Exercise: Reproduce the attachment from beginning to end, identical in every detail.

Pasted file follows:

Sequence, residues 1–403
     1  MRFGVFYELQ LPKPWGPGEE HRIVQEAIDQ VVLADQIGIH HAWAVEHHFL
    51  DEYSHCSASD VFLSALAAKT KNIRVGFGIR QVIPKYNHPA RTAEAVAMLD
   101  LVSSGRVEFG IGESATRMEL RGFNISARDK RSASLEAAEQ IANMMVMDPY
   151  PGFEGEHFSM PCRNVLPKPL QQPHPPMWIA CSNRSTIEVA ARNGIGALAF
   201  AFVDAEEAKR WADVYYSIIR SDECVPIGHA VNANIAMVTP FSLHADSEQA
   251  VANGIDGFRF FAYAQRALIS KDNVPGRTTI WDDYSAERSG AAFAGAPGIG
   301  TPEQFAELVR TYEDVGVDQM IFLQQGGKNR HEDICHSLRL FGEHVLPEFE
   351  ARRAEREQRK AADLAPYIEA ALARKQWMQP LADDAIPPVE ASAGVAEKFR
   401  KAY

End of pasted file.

Sequence, residues 1–403
     1  MRFGVFYELQ LPKPWGPGEE HRIVQEAIDQ VVLADQIGIH HAWAVEHHFL
    51  DEYSHCSASD VFLSALAAKT KNIRVGFGIR QVIPKYNHPA RTAEAVAMLD
   101  LVSSGRVEFG IGESATRMEL RGFNISARDK RSASLEAAEQ IANMMVMDPY
   151  PGFEGEHFSM PCRNVLPKPL QQPHPPMWIA CSNRSTIEVA ARNGIGALAF
   201  AFVDAEEAKR WADVYYSIIR SDECVPIGHA VNANIAMVTP FSLHADSEQA
   251  VANGIDGFRF FAYAQRALIS KDNVPGRTTI WDDYSAERSG AAFAGAPGIG
   301  TPEQFAELVR TYEDVGVDQM IFLQQGGKNR HEDICHSLRL FGEHVLPEFE
   351  ARRAEREQRK AADLAPYIEA ALARKQWMQP LADDAIPPVE ASAGVAEKFR
   401  KAY